Being out in the countryside with my dogs gives me time to think. I’ve learnt the pleasure of solitude without being lonely, and that’s a good feeling for me.

Welcome to "Man with two dogs" - the family website for dog owners and dog walkers.

This is my countryside diary which appears each Saturday in the Dundee Courier newspaper.

Summer specials

July 12th, 2003

TATTIE ROGUEING is in full swing. This odd sounding activity is essential to ensure that potato crops which are being grown for next season's seed are disease free, and also free of “rogue” or unwanted varieties from the intended crop. Any crop, which is to be sold as seed, must be pure throughout, and free of any adulteration.

Squads of young men, and no doubt young women too, can be seen walking up the tattie dreels with forks, to dig out any offending plants. Modern agricultural machinery is so powerful that the drills are all as straight as arrows, running across the fields. And the ridges, which the potatoes grow in, seem much wider and taller than when I was young. No doubt this helps to produce much larger crops.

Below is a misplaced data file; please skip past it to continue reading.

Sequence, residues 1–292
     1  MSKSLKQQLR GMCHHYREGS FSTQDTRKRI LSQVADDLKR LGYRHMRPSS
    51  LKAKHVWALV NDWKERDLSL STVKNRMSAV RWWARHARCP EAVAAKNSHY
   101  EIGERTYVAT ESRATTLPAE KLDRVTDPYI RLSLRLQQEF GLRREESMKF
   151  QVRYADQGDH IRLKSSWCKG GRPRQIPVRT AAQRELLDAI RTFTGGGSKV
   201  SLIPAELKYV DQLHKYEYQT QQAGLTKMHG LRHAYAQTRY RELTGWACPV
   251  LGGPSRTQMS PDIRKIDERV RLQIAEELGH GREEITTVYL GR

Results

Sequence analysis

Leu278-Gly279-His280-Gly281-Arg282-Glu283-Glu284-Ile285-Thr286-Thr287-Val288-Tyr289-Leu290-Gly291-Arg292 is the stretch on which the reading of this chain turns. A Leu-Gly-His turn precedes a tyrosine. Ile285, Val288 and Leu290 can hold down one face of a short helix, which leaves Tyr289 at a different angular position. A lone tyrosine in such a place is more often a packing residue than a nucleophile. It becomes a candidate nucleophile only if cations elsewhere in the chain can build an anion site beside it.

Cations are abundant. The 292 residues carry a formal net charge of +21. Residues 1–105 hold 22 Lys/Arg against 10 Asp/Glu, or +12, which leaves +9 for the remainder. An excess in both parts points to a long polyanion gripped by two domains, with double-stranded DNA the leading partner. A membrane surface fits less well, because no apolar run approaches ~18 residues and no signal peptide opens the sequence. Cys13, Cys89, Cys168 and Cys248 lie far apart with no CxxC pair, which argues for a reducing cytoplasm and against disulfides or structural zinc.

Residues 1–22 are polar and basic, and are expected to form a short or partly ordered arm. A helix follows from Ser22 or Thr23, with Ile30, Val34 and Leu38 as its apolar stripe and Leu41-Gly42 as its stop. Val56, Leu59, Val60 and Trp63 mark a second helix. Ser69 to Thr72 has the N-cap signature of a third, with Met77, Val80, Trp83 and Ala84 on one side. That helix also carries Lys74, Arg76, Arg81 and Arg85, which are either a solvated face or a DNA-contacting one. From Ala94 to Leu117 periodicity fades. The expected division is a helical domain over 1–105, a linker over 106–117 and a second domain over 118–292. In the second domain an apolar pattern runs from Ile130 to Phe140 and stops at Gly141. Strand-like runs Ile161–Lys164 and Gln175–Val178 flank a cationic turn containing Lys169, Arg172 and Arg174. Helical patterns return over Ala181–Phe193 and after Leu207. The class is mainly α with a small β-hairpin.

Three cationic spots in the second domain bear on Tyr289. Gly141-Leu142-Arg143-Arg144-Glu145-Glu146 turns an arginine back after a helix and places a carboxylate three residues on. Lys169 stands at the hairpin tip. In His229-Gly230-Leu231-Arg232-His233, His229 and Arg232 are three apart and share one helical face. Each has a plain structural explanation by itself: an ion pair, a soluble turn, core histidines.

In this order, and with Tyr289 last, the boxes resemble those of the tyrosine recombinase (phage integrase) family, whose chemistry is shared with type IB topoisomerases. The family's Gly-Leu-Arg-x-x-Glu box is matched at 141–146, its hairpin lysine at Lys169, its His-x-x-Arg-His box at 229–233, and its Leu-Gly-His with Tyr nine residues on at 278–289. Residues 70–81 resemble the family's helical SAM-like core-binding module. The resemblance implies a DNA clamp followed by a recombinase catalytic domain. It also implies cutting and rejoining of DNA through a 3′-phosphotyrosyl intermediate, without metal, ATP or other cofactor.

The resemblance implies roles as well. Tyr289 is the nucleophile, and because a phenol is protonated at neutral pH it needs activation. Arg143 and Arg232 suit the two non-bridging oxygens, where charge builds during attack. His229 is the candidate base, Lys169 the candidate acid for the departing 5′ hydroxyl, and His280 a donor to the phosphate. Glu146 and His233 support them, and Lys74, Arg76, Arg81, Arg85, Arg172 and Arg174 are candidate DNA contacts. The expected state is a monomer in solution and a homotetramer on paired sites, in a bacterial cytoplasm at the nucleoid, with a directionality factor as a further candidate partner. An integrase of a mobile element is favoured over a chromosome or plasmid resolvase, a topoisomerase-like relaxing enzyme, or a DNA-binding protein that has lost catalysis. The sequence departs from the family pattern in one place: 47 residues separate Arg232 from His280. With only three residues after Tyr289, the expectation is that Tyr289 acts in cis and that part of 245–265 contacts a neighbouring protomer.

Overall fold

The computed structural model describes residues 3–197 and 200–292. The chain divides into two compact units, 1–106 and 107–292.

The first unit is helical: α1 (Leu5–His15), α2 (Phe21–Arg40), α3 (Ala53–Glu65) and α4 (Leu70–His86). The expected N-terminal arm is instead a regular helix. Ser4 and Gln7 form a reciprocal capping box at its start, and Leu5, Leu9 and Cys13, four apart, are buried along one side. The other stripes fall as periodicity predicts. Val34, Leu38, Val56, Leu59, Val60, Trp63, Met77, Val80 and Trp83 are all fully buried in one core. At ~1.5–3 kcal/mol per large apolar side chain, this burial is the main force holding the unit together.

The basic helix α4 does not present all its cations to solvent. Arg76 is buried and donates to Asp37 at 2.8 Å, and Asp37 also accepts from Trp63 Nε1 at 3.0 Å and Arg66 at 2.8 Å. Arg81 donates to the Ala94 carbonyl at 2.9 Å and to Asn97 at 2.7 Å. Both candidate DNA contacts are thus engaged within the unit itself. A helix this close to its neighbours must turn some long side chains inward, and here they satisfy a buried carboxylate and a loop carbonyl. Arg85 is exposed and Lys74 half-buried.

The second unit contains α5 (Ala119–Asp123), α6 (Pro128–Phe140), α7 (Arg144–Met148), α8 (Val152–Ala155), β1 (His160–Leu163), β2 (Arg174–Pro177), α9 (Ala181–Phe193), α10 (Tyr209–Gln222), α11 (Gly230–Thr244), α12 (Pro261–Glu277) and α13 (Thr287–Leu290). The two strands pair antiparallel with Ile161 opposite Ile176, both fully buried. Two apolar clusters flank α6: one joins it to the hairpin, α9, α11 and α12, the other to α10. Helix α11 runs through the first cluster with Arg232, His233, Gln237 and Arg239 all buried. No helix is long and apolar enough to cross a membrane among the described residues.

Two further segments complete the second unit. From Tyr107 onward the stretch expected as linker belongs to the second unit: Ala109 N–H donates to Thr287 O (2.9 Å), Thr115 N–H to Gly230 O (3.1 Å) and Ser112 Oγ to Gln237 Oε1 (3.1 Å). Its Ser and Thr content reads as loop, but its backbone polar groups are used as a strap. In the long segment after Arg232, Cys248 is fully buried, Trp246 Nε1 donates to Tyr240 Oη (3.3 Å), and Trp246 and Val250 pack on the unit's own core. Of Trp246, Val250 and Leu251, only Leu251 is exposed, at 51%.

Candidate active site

The early potatoes are in flower. They are very colourful and provide acres of white or blue flowers (depending on variety) each with a deep orangey centre.

We – the Doyenne and I, and dogs too, that is – passed a field at Westdrums, near Brechin, which was much more of a dusty blue colour. This was linseed or flax, and a hundred years or more ago would have been a much commoner sight.

Flax of course is the plant from which linen is woven, and older readers in the Arbroath area will remember Webster's Mill in that town, which grew up round the linen industry. Nowadays the linseed is crushed for its oil and to make animal feeds.

We have three tubs of wild strawberries which produce a couple of small pickings of fruit. Cut a Galia melon in half, scoop out the seeds, and fill the cavity with the strawberries. The contrast between the sweet melon and sharp zing of the berries is almost unbelievable. This is an offering fit for – well, a Doyenne. I'm just thankful melons come in two halves!

We've had some lovely sunny days recently and the dogs have lain out on the grass enjoying the warmth. It does Sheba no end of good to get the heat into her old bones. Macbeth, who has as much brains as a docken, lies in the full sun until he is dripping with sweat and almost passing out, before he drags himself into the shade of the hedge.

Stout, cosy bumblebees are everywhere in the garden, flying about a bit aimlessly compared with the more businesslike honeybees. I always look forward to seeing foxgloves with their white and rosy bells adding splashes of colour to the roadsides and, often, where trees have been cut down. Old fashioned roses, honeysuckle and wild sweet peas are filling the house with a marvellous old-fashioned scent.

Flax is a bonny blue colour. So you'd expect flaxen to be much the same. But no – flaxen is a bonny blonde colour. It's funny the way words go.